Joined: 23-February 09
Member No.: 405867
Title: Dave Mirra Freestyle BMX 2
Publisher: Acclaim Entertainment
Developer (s): Z-Axis, Full Fat
Date Released: November 28, 2001 (on Xbox)
Number of Players: 2 Players
System Link: No
Xbox Live: No
HDTV Support: No
5.1 Surround Sound: No, Dual-Split Stereo, I believe.
Genre: Sports, Extreme Sports
Platform (s): PlayStation 2, Nintendo GameCube, Xbox, and Game Boy Advance
Retail Price: $20.00 (I'd say)
Gameplay: Gameplay, right. Well. It's a BMX game.
Acclaim throws you some riders, puts you in some levels,
and you're off to do some goals in them.
It took me just a few days to beat this game with all the goals completed.
You beat goals, you unlock comps.
The thing that pesters me about doing goals, is that they are only unlocked per character.
That means, you beat the game with Dave Mirra,
Then you'll need to beat the game with NyQuist, for example.
I don't have time for all of this.
I'm pretty sure I could just make a new save file.
Doing goals in-game will have you unlocking certain things in-game.
For instance, the indoor parks at Woodward.
Playing with the character you unlock this with in,
Say, Session mode, or Freeride mode, would thus keep that place unlocked.
The Xbox version of the game features two new levels.
They feel out of place, a bit, actually.
They're alright, and have some fun sections,
But they feel more like from the first game,
Just larger. (?)
The worst part, is, in these new levels,
The riders won't be able to tell you where the other riders are.
Those whom are familiar to this game, like me,
Yet not familiar with these new areas, will be wandering.
Sometimes I felt like I had to cheat to beat a goal.
i.e.: Perform a 1080 everywhere, desert level.
Okay, let's see, I can't just jump off of something, I'll get cratered.
I ended up just doing one off some level-edge,
then wall-tapping the canyon, out where the water is.
The highway level? Don't get me started.
The real highlight of this game, IS the levels, though.
Huge, almost of massive in scope, ahead of its time.
These levels hold their own, with some of today's extreme sports game.
The level types?
These make sense.
Woodward Skate Camp, a city, a swamp with eight-packs.
No car factory here, no zoo, just the rideables.
The actual gameplay, kinda flaunty, people complain about how glitchy it is.
They're right, but only when comparing this to a Tony Hawk game.
I can't just expect to grind a rail just standing to it.
You gotta time your jumps right, and then figure out how to ride backwards.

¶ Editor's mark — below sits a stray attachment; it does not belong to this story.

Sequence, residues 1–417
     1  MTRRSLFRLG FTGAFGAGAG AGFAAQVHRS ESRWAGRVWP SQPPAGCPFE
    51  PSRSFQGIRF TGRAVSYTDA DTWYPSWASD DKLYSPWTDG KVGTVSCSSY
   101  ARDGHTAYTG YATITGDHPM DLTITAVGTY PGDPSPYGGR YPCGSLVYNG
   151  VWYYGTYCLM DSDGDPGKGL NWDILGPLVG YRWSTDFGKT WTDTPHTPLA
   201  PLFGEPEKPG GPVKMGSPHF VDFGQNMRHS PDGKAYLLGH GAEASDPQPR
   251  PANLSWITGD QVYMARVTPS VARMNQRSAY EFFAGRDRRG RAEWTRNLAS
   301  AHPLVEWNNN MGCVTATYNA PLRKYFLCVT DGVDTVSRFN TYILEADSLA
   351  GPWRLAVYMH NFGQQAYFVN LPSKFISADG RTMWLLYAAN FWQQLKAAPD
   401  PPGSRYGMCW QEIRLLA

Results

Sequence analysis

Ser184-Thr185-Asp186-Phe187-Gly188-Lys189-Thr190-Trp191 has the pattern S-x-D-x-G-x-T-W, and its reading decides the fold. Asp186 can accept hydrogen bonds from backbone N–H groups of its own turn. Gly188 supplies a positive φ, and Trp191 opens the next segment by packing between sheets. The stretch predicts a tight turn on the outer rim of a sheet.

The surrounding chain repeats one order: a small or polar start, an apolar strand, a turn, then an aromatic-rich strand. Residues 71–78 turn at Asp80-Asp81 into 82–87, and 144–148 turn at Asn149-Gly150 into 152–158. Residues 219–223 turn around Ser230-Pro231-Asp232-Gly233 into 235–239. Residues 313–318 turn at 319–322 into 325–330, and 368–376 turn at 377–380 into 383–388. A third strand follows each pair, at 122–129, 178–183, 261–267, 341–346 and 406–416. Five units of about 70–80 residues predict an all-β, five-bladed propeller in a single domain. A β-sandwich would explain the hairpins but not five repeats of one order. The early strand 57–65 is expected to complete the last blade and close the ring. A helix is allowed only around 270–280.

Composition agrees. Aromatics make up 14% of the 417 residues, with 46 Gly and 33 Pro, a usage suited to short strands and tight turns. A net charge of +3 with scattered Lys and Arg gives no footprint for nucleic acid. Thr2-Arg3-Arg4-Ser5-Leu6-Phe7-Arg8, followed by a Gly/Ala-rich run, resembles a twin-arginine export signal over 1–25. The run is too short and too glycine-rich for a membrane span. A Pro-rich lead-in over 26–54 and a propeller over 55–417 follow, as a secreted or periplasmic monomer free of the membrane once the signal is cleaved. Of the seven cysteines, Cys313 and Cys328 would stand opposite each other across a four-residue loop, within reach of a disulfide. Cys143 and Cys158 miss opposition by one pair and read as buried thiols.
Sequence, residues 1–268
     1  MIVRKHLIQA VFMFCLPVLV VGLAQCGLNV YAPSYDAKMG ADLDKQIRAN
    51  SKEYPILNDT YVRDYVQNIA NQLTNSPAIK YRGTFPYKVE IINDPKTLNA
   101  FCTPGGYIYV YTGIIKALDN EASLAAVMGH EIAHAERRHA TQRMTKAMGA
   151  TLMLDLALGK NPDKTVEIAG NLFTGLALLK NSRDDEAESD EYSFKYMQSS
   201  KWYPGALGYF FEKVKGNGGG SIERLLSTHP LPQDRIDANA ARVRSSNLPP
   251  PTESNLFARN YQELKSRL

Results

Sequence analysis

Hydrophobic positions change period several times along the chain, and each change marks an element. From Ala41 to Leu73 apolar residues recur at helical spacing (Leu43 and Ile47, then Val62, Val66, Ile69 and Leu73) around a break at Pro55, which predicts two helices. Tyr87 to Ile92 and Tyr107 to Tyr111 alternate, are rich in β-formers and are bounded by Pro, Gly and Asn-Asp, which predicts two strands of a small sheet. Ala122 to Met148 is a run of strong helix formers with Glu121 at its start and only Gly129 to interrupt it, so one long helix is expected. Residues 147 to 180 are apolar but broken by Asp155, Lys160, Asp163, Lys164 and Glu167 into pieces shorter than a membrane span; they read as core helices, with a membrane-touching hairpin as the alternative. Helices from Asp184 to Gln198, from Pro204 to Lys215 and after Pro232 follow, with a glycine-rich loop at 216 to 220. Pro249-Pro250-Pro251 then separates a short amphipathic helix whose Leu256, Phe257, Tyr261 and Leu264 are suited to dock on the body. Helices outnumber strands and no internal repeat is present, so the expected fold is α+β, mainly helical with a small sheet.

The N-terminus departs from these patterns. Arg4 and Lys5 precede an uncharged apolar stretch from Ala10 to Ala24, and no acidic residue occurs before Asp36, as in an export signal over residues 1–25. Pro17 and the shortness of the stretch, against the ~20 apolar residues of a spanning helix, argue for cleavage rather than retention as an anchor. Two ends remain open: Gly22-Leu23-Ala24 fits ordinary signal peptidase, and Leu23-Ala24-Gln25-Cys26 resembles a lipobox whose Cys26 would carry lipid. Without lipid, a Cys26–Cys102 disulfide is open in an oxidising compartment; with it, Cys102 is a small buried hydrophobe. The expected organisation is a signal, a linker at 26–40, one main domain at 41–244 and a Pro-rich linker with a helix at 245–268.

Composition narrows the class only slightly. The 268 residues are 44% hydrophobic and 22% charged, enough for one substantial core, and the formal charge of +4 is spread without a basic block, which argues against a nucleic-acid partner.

Bail-outs are a hoot, as is the ability to hold onto something while bailing.
Grinds slow down to a hault, as they should, and we have flatground stalling,
Again, way before its time
No flatland tricks, but they reprised this in the next installment, so I've heard.
The actual tricks themselves.
You'll be spending hours, and hours, modding tricks.
Modding aerials, modding stalls, grinds, modding your manuals.
Modding mods! No joke, cause it is in there...
Modding aerials with aerials.
Putting a spin onto that backflip, voila flair.
Session mode is a bit like Proquest, minus the missions,
Basically for high score gaining...
There is even a replay option, for all you movie maker buffs...
Customization: No character customization, besides clothing, and bikes.
That means you won't be making anyone.
Never bothered me any.
The big highlight of this game, always was the massive create-a-park.
The level types are outstanding.
A lot of selections from areas of the game, and then new areas, like a beach.
Lots of pieces, ramps, and etc.
Stuff like rails that can be placed upon almost any piece, more than once.
At any angle.
Place gaps, starting points, etc.
Dig-out wholes in the ground.
The level templates have pre-ridable areas, too, that was pretty cool...
Multiplayer: Yes, it isn't split-screen.
But is it fun? It's better than nothing,
and it beats (barely) having to pass the controller back and forth.
You can expect to be playing this more as a one player game...
The pedal pumping, the tire flourishes, absolutely outstanding...
The music is good, a select Black Sabbath track, live, from Ozzy,
Sum 41's is good, not even into hip-hop, but these tracks are decent.
Godsmack's Awake is the title track, and She Sells Sanctuary (say that five times fast),
By the very-well rock legends the Cult...
Presentation: Really good, easy-to-use/ navigate menus.
The save systems are outstanding.
The create-a-park could have used a better camera system,
But the objects were more than easy to have been found.
There are movie unlockables.
Expect to want to see the hard-earned (hard-earned!),
Dave Mirra's 'retro' movie...
My personal favorite was always Rick's, though...
Don't expect a modern graphic from a game this old.
Yes, you'll get that typical, rusty, flat, Ps2/ Xbox thing...
But the water, particularly on the Xbox version, always looked good.
Sure, its physics are unreal, but at least the graphics on this looked nice.
The grass is fluffy, and the dirt is dirty.
The wood looks impressive.
The asphalt was also good.
The sky could have been better, though.
Not the graphics, but that weird, sorta spinning-around, pan, thing...
Replay Value: Sure, I'd personally buy this one.
You could always just roam the levels in Freeride...
There are records to set, goals to unlock, movies, comps.
and there is always the park-editor.
Beats XXX for sure!
- Matt Fincham